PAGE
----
"Information that the air base will house Indian helicopters is untrue, we only have an agreement, signed in 2002, on [India's] assistance in the reconstruction of the Aini military airfield, and there is no suggestion that the airfield is to be used by the Indian Armed Forces," said Major General Maruf Khasanov, head of the international cooperation department at Tajikistan's Defense Ministry.
Saimumin Yatimov, Tajikistan's first deputy foreign minister, in late January confirmed media reports that Aini was being renovated in cooperation with India, but said its status was not yet settled and would be determined some time in the future, "with Tajikistan's national and international interests in mind."
According to the media, Tajikistan is planning to use the facility jointly with India and Russia.
A narrow strip of Afghani land separates Tajikistan from Pakistan, with which India has been entangled in a protracted conflict over the disputed Kashmir region. But an airbase in Tajikistan could have implications far beyond Indo-Pakistani rivalry in South Asia.
Although both Tajik and Indian officials have denied the presence of Indian forces at Aini, an Indian base in the country might be useful in New Delhi's efforts to promote stability in Afghanistan and contain Islamic terrorism in South and Central Asia.
Central Asia is rich in energy resources, and India's presence in the region might also pose serious competition to its energy-hungry neighbor, China.
Two British Sailors Killed on Nuclear Submarine
LONDON (Reuters) - Two British sailors were killed in an accident on a nuclear submarine on exercise in the Arctic, the Ministry of Defence said on Wednesday.
The ministry said the nuclear reactor on board HMS Tireless was not affected by the accident. The submarine "quickly surfaced and is complete safe", a ministry statement said.
ANCHORAGE, Alaska - An explosion aboard a nuclear-powered Royal Navy submarine under an Arctic ice cap killed two British sailors and injured a crewmember, officials said Wednesday.
The forward compartment of the HMS Tireless was damaged in the explosion at 8:20 p.m. local time Tuesday, but the British Ministry of Defense said its nuclear reactor was not affected.
The attack submarine, which does not carry nuclear missiles, was conducting a joint exercise with U.S. forces when its air purification system malfunctioned while the vessel was submerged about 170 miles north of Deadhorse, in northern Alaska's Prudhoe Bay.
According to the U.S. Navy, a self-contained oxygen generation candle exploded.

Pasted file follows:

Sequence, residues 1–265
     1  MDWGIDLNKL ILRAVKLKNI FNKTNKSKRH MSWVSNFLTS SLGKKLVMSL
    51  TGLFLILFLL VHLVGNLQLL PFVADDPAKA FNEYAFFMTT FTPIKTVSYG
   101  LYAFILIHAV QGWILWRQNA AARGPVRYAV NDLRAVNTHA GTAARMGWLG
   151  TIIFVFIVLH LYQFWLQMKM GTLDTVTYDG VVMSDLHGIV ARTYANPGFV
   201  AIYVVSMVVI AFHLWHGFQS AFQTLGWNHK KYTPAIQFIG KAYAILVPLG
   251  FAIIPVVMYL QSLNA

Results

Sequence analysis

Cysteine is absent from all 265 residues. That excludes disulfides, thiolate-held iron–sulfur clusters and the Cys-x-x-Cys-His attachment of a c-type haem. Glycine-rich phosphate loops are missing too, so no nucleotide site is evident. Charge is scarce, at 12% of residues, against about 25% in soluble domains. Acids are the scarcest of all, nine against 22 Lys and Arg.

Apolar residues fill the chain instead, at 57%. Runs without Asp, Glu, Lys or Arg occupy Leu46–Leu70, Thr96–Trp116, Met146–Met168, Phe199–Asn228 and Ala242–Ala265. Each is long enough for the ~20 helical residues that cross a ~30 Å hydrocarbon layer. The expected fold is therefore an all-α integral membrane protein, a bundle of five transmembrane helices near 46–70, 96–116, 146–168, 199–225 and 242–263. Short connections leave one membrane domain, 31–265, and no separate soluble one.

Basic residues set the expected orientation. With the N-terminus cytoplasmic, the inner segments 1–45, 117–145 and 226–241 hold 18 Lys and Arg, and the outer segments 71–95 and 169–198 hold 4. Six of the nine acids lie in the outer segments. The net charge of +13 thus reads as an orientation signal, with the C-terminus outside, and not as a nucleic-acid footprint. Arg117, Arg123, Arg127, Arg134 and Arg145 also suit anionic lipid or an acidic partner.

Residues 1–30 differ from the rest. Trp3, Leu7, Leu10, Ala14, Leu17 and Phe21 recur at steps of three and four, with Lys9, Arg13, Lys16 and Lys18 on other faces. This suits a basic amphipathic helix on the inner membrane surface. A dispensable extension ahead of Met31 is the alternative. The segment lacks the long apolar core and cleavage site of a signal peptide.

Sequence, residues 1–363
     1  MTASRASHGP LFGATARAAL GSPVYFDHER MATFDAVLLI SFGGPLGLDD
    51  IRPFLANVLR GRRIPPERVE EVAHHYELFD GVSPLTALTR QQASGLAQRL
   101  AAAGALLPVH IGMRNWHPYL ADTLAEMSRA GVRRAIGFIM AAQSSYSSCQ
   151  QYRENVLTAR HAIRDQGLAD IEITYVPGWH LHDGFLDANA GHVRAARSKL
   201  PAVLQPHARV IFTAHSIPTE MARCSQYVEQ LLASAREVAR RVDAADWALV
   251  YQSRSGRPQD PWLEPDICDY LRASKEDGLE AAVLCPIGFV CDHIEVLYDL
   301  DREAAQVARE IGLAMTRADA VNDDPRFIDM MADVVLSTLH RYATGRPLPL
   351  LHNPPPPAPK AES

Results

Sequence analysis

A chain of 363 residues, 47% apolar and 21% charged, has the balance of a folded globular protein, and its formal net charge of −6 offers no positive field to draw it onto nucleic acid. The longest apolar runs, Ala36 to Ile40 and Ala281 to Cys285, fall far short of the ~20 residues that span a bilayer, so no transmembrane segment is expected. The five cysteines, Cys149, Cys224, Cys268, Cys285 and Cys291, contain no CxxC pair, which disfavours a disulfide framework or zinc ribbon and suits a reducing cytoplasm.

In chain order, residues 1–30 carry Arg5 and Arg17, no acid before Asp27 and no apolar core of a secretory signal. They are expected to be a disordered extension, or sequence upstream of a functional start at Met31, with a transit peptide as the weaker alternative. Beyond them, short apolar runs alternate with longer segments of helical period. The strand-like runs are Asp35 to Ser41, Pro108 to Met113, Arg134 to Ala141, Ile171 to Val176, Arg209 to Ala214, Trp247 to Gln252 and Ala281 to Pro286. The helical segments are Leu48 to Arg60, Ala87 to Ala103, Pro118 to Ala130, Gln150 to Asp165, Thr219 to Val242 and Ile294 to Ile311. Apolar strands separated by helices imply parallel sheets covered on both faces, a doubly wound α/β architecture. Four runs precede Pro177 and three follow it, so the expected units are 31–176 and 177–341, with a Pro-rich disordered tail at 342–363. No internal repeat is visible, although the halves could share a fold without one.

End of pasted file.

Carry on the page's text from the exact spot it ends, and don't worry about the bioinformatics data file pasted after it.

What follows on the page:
The submarine surfaced, breaking through the ice, and a private helicopter brought the injured sailor to Deadhorse, where an Alaska Air National Guard aircraft transported him to Kulis Air National Guard Base in Anchorage, 625 miles south.
The sailor's name was not released, but he was reported in stable condition at a civilian hospital.
The Tireless was operating with the USS Alexandria in a joint operation to test submarine operability and tactical development in Arctic waters.
"I am deeply saddened at the loss of the crew members from the Tireless," said U.S. Navy Vice Adm. Jay Donnelly, commander of the Submarine Force. "We stand by to assist in any way we can."
Lt. Col. Andy Price, a Royal Navy spokesman, said the submarine will be evaluated over 12 hours, performing a dive to test its safety systems, before officials decide whether the vessel will continue the joint operation.
It was not immediately clear what went wrong with the air purification system in a forward section of the submarine, a ministry spokesman said while speaking on condition of anonymity in line with government policy.
Since 1986, every Arctic tactical exercise has involved both U.S. Navy and Royal Navy submarines. The current two-week exercise was scheduled to end March 30.
Increase Investment in Defence Research or the UK’s Military Capability Will Suffer
Mar 5, 2007
A failure to increase investment in defence research will impact on the UK’s future defence capability, says the House of Commons Defence Committee in a report published today (Eighth Report of Session 2006-07, The work of the Defence Science and Technology Laboratory and the Funding of defence research, HC 84).
The Committee reports its concern that the gap between the UK and the US in defence research spending is widening and that the UK will also fall behind other nations which are increasing their investment in defence research.
UK operations in Iraq and Afghanistan are having an impact on defence research. The Committee acknowledges that support for these operations is the priority, but says that the MoD must not make reductions in the funding of longer-term defence research to fund these operations.
In its report the Committee examines the work of the Defence Science and Technology Laboratory (Dstl), which provides vital support to military operations and is regarded as a world authority in many fields of defence research. The MPs note Dstl’s successful performance against its targets but says there could be benefit in Dstl operating in a more competitive environment. The Committee also calls on Dstl to draw on outside project management expertise to monitor the progress of its major change programme – which is rationalising its sites at a cost of some £92 million.